THIS STORY HAS BEEN FORMATTED FOR EASY PRINTING

Goodwin Procter offers family caregiver benefit

Service helps workers access information for the elderly, disabled

Email|Print| Text size + By Sacha Pfeiffer
Globe Staff / March 6, 2008

Responding to the needs of its baby boomer employees, Goodwin Procter, a national law firm headquartered in Boston, is rolling out an unusual new benefit this week: free, round-the-clock access to a telephone support center that provides information on services for the elderly, the disabled, and the family members who care for them.

The benefit is aimed at the so-called sandwich generation, which often finds itself caring not only for young children, but also for aging parents.

Unlike typical employee assistance programs that address issues as wide-ranging as substance abuse and personal fitness, Goodwin Procter's consulting service will focus strictly on challenges facing family caregivers.

Staffed by registered nurses and geriatric social workers, it will help employees navigate the complex maze of medical and social services for the elderly and disabled, including housing, transportation, insurance, nutrition, and nursing care.

It will also offer assessments and referrals, and will field questions such as how to persuade aging parents to move into assisted living or give up their driver's licenses.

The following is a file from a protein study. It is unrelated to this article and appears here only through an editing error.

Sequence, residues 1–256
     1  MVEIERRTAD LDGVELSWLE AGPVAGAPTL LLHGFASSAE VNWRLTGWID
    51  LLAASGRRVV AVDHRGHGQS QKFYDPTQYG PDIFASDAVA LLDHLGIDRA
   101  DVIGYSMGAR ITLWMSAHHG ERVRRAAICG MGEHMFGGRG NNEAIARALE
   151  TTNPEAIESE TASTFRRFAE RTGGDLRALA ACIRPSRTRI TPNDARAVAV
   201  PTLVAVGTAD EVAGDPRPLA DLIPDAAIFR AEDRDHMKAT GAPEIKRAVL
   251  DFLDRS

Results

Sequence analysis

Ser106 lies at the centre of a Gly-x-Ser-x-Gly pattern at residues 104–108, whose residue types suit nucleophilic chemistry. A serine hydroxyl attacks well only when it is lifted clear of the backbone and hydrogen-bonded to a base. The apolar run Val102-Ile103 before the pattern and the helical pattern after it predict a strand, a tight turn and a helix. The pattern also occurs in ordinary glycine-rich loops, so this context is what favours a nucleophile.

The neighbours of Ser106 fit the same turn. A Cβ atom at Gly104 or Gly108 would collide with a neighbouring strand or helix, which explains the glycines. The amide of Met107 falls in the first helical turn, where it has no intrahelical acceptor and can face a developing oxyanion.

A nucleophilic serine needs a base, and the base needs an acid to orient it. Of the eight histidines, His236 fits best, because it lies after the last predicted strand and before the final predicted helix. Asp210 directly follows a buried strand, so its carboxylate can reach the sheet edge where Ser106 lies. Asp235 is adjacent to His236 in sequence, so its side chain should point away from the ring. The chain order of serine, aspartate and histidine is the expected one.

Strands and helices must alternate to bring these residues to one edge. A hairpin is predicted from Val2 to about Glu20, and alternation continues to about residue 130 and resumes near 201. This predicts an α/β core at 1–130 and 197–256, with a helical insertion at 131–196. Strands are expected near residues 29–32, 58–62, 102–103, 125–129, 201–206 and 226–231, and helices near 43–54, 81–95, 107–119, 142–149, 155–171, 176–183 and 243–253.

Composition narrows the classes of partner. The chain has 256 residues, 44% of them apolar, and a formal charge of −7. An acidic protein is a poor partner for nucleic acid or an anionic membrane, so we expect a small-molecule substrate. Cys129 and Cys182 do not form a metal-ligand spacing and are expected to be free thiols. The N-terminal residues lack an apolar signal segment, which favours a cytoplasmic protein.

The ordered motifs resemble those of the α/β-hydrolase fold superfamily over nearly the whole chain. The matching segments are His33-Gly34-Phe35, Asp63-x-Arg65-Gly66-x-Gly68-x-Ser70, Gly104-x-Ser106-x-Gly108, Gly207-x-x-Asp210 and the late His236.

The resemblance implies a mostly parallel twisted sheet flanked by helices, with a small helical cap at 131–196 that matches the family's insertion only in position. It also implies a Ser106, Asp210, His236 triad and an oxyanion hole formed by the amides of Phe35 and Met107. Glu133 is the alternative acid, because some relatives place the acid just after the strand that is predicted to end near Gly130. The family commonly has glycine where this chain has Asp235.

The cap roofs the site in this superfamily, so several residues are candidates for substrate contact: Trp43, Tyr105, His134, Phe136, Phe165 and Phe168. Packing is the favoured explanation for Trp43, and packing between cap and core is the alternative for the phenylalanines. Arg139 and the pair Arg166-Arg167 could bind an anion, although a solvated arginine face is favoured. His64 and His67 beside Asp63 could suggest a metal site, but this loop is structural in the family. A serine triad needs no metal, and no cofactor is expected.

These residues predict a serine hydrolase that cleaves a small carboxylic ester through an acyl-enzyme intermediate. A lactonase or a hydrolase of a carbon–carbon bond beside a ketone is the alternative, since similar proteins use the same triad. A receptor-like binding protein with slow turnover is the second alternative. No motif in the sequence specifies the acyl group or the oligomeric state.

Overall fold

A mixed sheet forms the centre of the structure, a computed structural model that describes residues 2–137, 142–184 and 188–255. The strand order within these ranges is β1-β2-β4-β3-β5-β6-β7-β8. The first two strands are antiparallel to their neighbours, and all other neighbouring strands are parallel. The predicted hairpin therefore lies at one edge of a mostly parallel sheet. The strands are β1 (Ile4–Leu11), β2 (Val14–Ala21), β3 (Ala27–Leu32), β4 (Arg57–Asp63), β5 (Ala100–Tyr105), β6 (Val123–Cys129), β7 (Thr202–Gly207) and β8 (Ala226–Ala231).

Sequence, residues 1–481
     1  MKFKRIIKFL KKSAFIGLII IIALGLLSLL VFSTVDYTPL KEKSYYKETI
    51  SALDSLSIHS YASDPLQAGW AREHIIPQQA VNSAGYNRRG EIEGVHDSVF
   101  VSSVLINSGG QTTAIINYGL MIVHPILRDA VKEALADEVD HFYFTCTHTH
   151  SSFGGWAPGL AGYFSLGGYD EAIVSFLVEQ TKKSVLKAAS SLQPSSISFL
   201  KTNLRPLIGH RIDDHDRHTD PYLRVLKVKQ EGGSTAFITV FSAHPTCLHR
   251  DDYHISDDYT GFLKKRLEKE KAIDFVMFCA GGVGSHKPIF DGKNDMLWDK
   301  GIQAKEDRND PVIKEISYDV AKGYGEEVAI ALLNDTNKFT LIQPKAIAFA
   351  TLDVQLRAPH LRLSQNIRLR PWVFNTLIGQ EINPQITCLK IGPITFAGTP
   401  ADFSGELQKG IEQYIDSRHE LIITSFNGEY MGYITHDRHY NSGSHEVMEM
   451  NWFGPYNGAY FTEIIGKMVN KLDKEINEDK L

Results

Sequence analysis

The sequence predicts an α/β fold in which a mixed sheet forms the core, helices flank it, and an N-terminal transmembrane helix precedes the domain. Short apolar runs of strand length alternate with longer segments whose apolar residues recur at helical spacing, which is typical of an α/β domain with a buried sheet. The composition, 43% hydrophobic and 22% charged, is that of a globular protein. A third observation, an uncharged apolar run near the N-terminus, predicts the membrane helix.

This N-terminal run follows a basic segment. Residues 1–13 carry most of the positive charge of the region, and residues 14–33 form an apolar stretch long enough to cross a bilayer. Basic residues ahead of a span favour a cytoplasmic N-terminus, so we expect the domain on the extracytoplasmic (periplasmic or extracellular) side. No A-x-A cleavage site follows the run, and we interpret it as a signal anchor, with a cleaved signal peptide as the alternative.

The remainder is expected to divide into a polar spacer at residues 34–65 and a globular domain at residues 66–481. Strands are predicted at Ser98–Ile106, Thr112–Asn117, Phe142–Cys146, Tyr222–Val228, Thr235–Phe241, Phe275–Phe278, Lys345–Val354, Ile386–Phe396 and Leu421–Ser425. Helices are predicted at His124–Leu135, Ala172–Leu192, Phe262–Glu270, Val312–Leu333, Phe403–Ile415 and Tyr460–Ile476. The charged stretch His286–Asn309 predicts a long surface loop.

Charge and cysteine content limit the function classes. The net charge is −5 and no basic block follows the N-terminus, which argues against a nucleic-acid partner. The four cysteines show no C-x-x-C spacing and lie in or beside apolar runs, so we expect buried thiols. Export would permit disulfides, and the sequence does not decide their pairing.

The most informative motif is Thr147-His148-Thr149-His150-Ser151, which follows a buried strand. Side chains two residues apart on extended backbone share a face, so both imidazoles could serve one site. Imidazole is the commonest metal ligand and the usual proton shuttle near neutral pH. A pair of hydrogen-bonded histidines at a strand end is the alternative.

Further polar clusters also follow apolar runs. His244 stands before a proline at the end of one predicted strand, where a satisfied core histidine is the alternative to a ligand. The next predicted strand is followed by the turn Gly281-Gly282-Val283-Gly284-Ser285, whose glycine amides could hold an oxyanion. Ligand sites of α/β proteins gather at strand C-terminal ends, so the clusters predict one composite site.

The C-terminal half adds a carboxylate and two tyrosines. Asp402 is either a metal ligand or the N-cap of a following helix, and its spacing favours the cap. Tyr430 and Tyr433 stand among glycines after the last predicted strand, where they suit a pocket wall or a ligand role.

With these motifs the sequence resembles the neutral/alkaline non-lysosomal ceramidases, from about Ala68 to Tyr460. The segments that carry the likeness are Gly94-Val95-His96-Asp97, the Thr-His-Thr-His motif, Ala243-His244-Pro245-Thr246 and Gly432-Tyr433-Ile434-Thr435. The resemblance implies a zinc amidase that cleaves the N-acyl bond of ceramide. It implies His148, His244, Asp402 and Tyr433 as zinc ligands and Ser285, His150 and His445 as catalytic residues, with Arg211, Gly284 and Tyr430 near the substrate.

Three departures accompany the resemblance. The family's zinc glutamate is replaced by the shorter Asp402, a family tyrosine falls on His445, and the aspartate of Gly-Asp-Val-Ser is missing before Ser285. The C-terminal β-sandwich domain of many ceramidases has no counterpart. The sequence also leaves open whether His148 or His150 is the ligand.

In turn, the firm hopes the service will improve productivity and reduce turnover, since the time demands and emotional toll of caregiving can have a deleterious effect on workplace performance.

"With our workforce facing the issue of elderly people living longer, it became apparent to us that our employees could use a resource that would help them not only with issues facing their families and children, but with care they have to provide to elderly and disabled relatives," said Goodwin Procter's human resources director, Ann Lamson, who estimates that between a quarter and a third of the firm's 1,700 employees are older than 45.

About 20 percent of companies nationwide now offer eldercare referral services, according to the 2007 Benefits Survey by the Society for Human Resource Management in Alexandria, Va.

Goodwin Procter employees may make an unlimited number of calls and receive an unlimited amount of telephone assistance from the support center.

They will also have access to support groups, workshops for caregivers, and a network of geriatric specialists and elder law attorneys. Additional services are available at the employee's expense, such as in-home consultations with geriatric specialists.

And the service is being offered not only to employees, but also to spouses and any other relatives who play a family caretaking role, including siblings and in-laws.

"Our objective is to keep employees productive," said John Paul Marosy, executive director of VNA Private Care, a for-profit arm of the Visiting Nurse Association of Boston that is providing the eldercare benefit to Goodwin Procter. "If that means providing support to other family members, then that gives peace of mind to employees and that's fulfilling our goal."

Sacha Pfeiffer can be reached at pfeiffer@globe.com.

more stories like this

  • Email
  • Email
  • Print
  • Print
  • Single page
  • Single page
  • Reprints
  • Reprints
  • Share
  • Share
  • Comment
  • Comment
 
  • Share on DiggShare on Digg
  • Tag with Del.icio.us Save this article
  • powered by Del.icio.us
Your Name Your e-mail address (for return address purposes) E-mail address of recipients (separate multiple addresses with commas) Name and both e-mail fields are required.
Message (optional)
Disclaimer: Boston.com does not share this information or keep it permanently, as it is for the sole purpose of sending this one time e-mail.